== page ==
Wet’suwet’en hereditary chiefs agree to a week of ‘respect’ talks with B.C.

Eight hereditary chiefs of the Wet’suwet’en Nation agreed on Thursday to undertake seven days of talks with the British Columbia government with the goal of de-escalating a standoff over a controversial pipeline.

In a statement, the chiefs said they remain committed to peace and “will pursue all avenues to achieve a peaceful resolution.”

The talks will be called “Wiggus,” which the chiefs defined as “respect for all living-beings, starting with oneself.”

David Pfeiffer, president of Coastal GasLink (CGL), and the B.C. premier’s office also issued a statement welcoming the talks.

“This Wiggus/Respect Table is an opportunity for all parties to work in good faith towards de-escalation, and we view this announcement as a positive sign that all involved are determined to find a peaceful resolution,” the statement said.

Premier John Horgan will not attend the discussions.

The chiefs previously refused to meet with B.C. because Horgan chose to send Indigenous Affairs minister Scott Fraser in his place, saying they wanted to meet decision-maker to decision-maker. Horgan then appointed NDP MP Nathan Cullen as a liaison.

The hereditary chiefs assert that they have jurisdiction over their unceded traditional territory, and say construction of the $6.6-billion pipeline cannot proceed without permission from the chiefs through whose territory the proposed 670-kilometre route passes.

They issued an eviction notice to the company earlier this month as an assertion of this jurisdiction.

The completed project would carry fracked natural gas from Dawson Creek to an LNG export facility near Kitimat, B.C.

CGL has negotiated 20 benefit agreements with all elected First Nation governments along the route.

The province has signed agreements with all 20 elected governments as well.

(B.C. Premier John Horgan. Photo: APTN File.)

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‘We’ve got a real divide in the community:’ Wet’suwet’en Nation in turmoil

B.C. Supreme Court granted the pipeline company an interlocutory injunction on Dec. 31.

The judge ruled that the project has all the required permits and authorizations to proceed.

The ruling included an order for the RCMP to remove any obstructions and arrest anyone police have “reasonable or probable ground” to believe has knowledge of the order and is contravening it.

The Mounties said they will respect the talks and not take action to enforce the injunction by removing obstructions on the Morice West Forest Service Road leading to the company’s work sites.

“While additional resources may be noted in the Smithers-Houston area, the resources will be on standby during the seven-day period,” the statement said, referring to growing police presence.

Earlier Thursday, the hereditary chiefs and their supporters called for a public investigation into the way the RCMP is controlling access along the road.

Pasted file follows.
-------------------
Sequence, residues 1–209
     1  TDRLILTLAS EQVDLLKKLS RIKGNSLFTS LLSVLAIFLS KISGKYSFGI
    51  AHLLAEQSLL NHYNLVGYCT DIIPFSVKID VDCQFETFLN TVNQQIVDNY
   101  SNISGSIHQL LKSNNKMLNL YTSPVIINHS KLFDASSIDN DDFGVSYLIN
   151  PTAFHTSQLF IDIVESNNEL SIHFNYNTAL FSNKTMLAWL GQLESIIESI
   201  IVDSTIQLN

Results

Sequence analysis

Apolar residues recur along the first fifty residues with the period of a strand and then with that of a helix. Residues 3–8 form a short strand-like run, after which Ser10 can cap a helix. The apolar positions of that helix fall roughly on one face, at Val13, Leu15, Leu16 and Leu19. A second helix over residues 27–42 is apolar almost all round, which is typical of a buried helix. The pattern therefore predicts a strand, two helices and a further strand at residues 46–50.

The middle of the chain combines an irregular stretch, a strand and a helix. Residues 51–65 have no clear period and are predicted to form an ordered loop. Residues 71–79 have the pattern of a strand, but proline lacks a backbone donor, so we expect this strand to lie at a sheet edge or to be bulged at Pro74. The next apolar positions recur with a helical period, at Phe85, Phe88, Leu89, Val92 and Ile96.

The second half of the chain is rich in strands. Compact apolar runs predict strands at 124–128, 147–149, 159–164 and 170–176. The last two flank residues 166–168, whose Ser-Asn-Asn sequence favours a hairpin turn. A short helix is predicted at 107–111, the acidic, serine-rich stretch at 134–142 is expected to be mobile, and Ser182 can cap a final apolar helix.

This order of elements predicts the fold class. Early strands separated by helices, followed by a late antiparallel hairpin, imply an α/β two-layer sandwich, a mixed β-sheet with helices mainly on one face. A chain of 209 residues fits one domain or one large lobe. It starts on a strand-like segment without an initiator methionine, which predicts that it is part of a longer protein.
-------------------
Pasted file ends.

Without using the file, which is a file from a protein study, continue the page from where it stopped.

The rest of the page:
The RCMP has said it set up a checkpoint along the Morice West Forest Service Road south of Houston to prevent the dispute from escalating after patrol officers discovered hazards along the road.

But the chiefs along with the B.C. Civil Liberties Association and the Union of B.C. Indian Chiefs allege that the Mounties are unlawfully restricting access on Wet’suwet’en traditional territory.

“We cannot be criminalized for using our law to access our lands, our foods, our medicine, our way of life,” said Chief Na’Moks, who dialled into a news conference in Vancouver.

RCMP arrested 14 people when it enforced a temporary injunction last year. The people have since been released, but RCMP was criticized internationally after it was reported that heavily armed Mounties were prepared to use lethal force in deconstructing the barricade.

Read more:

RCMP pipeline checkpoint ‘arbitrary and discriminatory,’ says Wet’suwet’en hereditary chief, UBCIC

On Wednesday in Prince George, Horgan said he believes the hereditary chiefs will come around.

“I don’t expect the leadership to say tomorrow that they love the pipeline. That’s not my expectation. But there needs to be a legitimate understating that the majority of the people in the region are going to benefit for this, and that’s what dialogue will produce.”

Na’Moks (John Ridsdale), hereditary chief of the Tsayu Clan, has said the pipeline will never receive consent from leaders of the traditional governance system.

“We will never change our mind on this project, we are the law of the land, we are following our law,” he said.

With files from the Canadian Press

Online Reporter - Ottawa

Brett is a member of the Chippewas of Kettle and Stony Point First Nation in Ontario. He grew up in Ottawa where he obtained an English degree from Carleton University. Brett is a creative writer, poet, and journalist. He joined the Ottawa bureau for APTN News in December 2019 as a digital reporter.


1 thought on “Wet’suwet’en hereditary chiefs agree to a week of ‘respect’ talks with B.C.

  1. Horgan said he believes the hereditary chiefs will come around.

    Na’Moks (John Ridsdale), hereditary chief of the Tsayu Clan, has said the pipeline will never receive consent from leaders of the traditional governance system.

    Looks like it’s going to be an interesting seven days, with both sides saying, “My way, or the highway!”

    Can you imagine the force and power of the Canadian Government saying, “No, you’re right. We’re not going to put the pipeline through your sovereign territory.”

    In traditional settler Common Law, courts give extra credence to the weaker party.

    This was certainly not the case with the current interlocutory injunction, with the judge almost scowling in her dismissal of the Heritage Chief’s arguments, citing “dissent” among the Wet’suwet’en — as though such dissent doesn’t happen every four years in the settler’s governance system.

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